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HYDROGRAPHY: GEOPOLITICAL COMPETITION IN INDIAN OCEAN



  Mar 30, 2024

HYDROGRAPHY: GEOPOLITICAL COMPETITION IN INDIAN OCEAN



Hydrography, the science of mapping the world’s water bodies and the seabed, has emerged as a new front in the geopolitical battle for influence in the Indian Ocean. Nations like India and China are intensifying efforts to chart not only international waters but also the exclusive economic zones (EEZs) of regional countries, amidst growing concerns from smaller states about sovereignty and control over their maritime data.

The Importance of Hydrography

Hydrographic data is vital for safe maritime navigation, naval operations, and emerging activities like seabed mining.

Accurate and up-to-date charts are crucial for understanding and navigating the ocean floor, which remains largely unexplored compared to terrestrial and lunar surfaces.

The Indian Ocean is among the least charted, highlighted by the search for the missing Malaysian Airlines MH370 in 2014.

Geopolitical Dimensions

Major powers are vying to offer hydrographic services to nations lacking the capability or expertise, a move intertwined with demonstrating regional leadership and gaining access to data critical for military purposes.

Sovereignty concerns arise over who owns or controls sea-related information, especially in national jurisdictions.

India’s Role

India positions itself as a regional hydrographic service provider, with a fleet of hydrographic vessels conducting surveys in various countries and building local capabilities through training programs.

China’s Ambitions

China offers hydrographic services with its fleet of over 30 oceanographic surveillance and research vessels, some equipped with electronic surveillance capabilities, raising security concerns among regional players, particularly India.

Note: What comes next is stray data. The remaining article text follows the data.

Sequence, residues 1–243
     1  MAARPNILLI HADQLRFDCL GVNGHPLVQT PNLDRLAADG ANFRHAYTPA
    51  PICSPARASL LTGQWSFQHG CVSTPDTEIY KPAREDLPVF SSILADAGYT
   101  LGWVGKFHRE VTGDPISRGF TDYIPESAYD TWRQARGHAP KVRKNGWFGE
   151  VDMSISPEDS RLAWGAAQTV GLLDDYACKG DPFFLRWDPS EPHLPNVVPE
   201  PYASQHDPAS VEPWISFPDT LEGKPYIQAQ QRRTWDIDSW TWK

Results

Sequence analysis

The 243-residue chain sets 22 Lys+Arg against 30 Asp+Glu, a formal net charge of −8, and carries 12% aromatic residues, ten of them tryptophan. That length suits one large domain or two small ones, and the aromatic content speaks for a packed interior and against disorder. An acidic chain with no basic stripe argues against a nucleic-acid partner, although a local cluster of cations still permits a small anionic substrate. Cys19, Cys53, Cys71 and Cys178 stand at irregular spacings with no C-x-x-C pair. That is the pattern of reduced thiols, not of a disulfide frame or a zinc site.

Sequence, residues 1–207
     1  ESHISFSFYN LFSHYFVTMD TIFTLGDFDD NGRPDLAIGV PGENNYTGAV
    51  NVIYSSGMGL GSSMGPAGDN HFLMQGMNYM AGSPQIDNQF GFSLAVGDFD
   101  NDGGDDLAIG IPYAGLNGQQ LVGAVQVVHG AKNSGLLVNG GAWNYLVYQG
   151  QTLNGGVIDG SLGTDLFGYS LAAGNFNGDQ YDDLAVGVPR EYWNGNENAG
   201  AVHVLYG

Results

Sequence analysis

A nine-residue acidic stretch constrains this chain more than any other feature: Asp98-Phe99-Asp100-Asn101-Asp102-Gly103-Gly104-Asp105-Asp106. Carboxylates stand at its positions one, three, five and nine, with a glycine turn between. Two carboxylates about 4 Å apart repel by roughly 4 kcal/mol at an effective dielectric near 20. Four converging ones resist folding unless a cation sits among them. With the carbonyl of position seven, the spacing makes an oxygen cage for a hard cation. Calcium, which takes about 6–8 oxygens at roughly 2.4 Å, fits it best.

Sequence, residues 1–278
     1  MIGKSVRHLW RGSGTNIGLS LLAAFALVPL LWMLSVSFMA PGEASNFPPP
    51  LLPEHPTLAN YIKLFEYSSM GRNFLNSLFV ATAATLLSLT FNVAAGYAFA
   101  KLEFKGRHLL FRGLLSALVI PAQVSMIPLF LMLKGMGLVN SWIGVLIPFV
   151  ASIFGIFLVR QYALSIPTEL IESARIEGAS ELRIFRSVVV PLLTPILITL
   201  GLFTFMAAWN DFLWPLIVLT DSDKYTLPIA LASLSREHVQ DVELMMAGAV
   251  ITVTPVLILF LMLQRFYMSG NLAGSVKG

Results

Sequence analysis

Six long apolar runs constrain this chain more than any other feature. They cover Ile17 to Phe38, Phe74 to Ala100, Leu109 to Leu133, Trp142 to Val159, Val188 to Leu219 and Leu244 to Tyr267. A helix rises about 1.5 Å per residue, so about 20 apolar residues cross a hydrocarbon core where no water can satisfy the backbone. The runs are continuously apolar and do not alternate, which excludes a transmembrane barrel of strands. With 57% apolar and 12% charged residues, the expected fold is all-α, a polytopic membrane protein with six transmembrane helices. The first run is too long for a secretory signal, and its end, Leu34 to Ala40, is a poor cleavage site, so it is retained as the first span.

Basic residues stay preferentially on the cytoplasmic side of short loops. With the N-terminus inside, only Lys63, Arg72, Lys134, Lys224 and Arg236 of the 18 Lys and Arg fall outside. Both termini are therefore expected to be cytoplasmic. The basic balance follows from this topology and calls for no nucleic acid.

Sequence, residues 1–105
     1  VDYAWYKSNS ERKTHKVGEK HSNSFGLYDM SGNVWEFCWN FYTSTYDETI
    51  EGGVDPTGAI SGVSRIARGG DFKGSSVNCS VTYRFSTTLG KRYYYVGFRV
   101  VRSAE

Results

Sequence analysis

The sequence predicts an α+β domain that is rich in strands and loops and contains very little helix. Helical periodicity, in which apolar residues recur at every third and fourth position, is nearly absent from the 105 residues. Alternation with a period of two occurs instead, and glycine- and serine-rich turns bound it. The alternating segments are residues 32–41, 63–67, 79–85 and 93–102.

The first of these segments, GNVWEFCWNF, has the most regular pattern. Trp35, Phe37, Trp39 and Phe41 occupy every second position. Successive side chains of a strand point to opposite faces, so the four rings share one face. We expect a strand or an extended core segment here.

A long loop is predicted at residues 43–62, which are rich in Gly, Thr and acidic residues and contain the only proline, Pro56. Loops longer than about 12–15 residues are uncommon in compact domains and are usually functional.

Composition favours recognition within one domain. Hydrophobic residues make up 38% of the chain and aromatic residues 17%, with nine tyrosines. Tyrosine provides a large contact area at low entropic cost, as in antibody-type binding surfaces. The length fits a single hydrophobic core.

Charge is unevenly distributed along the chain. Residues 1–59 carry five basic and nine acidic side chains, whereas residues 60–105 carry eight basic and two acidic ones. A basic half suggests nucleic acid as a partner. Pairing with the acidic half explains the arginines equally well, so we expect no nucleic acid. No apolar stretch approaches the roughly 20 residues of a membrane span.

Controversies and Responses

The presence of Chinese research vessels in Sri Lankan and Maldivian waters has led to diplomatic tensions and policy shifts. Sri Lanka has moved to regulate foreign hydrographic research more strictly, while Maldives decided not to renew an agreement with India for conducting hydrographic surveys.

The strategic implications of allowing foreign nations to map EEZs have led countries like Sri Lanka and Maldives to reconsider their hydrographic partnerships and seek to develop sovereign capabilities.

International Assistance

Countries like the United States, Britain, and Australia are exploring ways to assist nations in the Indian Ocean region in building their hydrographic capabilities. This support aims to enable these countries to take control of their hydrographic data and benefit economically while ensuring their security and sovereignty.

The Way Forward

The unfolding situation in Sri Lanka and Maldives may set precedents for other nations in the region, highlighting the need for a balanced approach that respects sovereignty while fostering international cooperation.

Australia, among other partners, is positioned to play a significant role in supporting the development of local hydrographic capabilities, ensuring that countries can govern their seas and control their data.

The geopolitics of hydrography in the Indian Ocean underscores the intricate relationship between maritime knowledge, sovereignty, and regional security. As competition intensifies, the ability to map the seas is becoming as crucial as the capability to navigate them.


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